- Painkillers. More than 40% of older adults experience chronic pain. Opioids are frequently prescribed. Typically, these drugs create a pleasant state of euphoria. This may lead to the desire to take more, or to take them longer than necessary for the pain. Opioid use increases the risk of confusion, falls, fractures and delirium.
- Tranquilizers. Tranquilizers are often prescribed to address anxiety. They can also be used for sleep problems. Their calming effect can lead to cloudy thinking, slower reflexes and unsteady walking. This increases the risk of falls and can make dementia symptoms worse.
- Stimulants. These medications promote alertness and energy, and can bring on euphoria. They put the heart at risk, however, by increasing blood pressure and heart rate.
If your loved one is taking any of these potentially addictive drugs, watch for signs of trouble:
- The prescription running out early. This may indicate overuse.
- Multiple prescribing doctors or pharmacies. This is especially common with opioids.
- A sudden increase in problems with balance, sleep, and/or memory. These can be side effects of the medications themselves, or signs of drug misuse.
If you’re concerned, ask the prescribing doctors to each do a review of all prescription and over-the counter-drugs.Return to top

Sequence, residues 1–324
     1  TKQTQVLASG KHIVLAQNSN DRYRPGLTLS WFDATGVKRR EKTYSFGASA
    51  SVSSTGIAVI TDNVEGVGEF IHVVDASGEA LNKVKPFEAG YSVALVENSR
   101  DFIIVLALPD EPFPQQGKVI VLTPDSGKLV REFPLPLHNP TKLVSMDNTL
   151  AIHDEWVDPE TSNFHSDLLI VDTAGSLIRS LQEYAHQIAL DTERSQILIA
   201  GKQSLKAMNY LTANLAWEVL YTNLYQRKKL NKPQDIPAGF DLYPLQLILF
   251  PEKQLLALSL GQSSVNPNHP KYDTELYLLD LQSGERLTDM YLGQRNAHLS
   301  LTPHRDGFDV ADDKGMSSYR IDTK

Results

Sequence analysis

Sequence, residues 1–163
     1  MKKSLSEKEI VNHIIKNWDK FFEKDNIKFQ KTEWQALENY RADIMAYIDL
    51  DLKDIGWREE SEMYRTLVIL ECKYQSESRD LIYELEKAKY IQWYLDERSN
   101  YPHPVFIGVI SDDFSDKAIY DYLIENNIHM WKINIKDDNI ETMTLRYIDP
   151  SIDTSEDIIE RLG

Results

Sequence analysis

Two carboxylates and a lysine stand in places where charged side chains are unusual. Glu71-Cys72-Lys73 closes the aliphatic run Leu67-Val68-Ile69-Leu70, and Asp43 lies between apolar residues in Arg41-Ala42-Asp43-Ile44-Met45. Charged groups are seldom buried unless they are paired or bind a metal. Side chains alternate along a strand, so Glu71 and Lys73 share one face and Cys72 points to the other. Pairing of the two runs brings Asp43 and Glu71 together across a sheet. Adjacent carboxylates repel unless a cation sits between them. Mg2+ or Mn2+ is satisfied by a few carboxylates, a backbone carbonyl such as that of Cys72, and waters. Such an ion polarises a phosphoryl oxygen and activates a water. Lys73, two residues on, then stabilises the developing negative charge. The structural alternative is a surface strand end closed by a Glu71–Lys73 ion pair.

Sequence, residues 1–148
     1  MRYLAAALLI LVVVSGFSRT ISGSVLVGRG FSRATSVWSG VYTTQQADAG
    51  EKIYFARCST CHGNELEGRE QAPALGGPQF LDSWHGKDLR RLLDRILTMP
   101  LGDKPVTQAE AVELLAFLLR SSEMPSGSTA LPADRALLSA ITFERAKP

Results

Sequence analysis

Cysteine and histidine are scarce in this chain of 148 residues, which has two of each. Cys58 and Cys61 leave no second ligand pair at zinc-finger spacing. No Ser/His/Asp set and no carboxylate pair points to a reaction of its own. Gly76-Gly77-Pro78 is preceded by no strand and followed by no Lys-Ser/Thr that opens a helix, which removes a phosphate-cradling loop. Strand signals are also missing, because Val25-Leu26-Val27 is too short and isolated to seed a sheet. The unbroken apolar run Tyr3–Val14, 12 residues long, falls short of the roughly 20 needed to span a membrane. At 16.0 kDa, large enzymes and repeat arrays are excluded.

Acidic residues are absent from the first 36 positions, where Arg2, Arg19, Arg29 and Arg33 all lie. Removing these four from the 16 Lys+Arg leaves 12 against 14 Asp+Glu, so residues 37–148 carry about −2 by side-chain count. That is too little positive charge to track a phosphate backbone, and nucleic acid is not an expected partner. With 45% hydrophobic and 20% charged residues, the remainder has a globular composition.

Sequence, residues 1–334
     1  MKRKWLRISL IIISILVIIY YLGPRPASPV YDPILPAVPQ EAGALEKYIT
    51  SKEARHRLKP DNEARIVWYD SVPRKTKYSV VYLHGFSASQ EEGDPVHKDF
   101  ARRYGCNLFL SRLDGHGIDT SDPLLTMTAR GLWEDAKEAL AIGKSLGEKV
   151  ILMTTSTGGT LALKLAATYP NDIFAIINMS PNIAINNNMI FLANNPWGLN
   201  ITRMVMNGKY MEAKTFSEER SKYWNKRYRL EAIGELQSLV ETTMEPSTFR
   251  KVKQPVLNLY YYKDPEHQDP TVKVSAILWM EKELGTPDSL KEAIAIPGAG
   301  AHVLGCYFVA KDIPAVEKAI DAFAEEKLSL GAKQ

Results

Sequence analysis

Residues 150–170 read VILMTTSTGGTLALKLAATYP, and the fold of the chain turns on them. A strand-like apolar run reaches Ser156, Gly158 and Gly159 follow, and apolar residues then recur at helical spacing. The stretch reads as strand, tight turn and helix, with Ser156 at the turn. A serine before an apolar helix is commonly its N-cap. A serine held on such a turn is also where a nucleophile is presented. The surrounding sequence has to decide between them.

Signs of stroke or "TIA"
A stroke is a disabling, and potentially deadly condition. A blood clot gets lodged in the brain, denying blood and oxygen to those cells. In a very short period of time, that part of the brain can be damaged permanently. Depending on the location of the clot, a stroke can impair functions such as speech, walking or memory.
A “TIA” (short for transient ischemic attack) is sometimes called a “mini-stroke.” TIAs involve small clots, or clots that get dislodged naturally and break up quickly. TIAs last only a few minutes, and usually do not cause permanent damage. Still, a TIA is an important event.
A TIA is actually a “warning stroke.” Roughly 35% of people who have a TIA go on to have a full stroke within a year. Nearly half of all people who have a full stroke report they had symptoms of a TIA a few days before.
Signs of a stroke or TIA
Because a clot can occur anywhere in the brain, symptoms can vary. Signs of a TIA or stroke are the same, and they come on suddenly. Recent research suggests you BE-FAST. Quickly size up the situation, looking for problems with:
- B-BALANCE: Sudden dizziness or loss of balance.
- E-EYES: Sudden blurriness or loss of vision in one or both eyes.
- F-FACE: Ask your loved one to smile. Does the smile look even? Does it look like their normal smile?
- A-ARM: Ask them to raise both arms. Does one arm drift down?
- S-SPEECH: Ask them to repeat a phrase. Does their speech sound slurred or strange?
- T-TIME: Every second without oxygen, brain cells die. Call 911 right away!
If you suspect your loved one is having a stroke or TIA, the best thing to do is call 911 immediately. Be ready to share the time you noticed the change, what signs you saw, and your loved one’s normal abilities.Return to top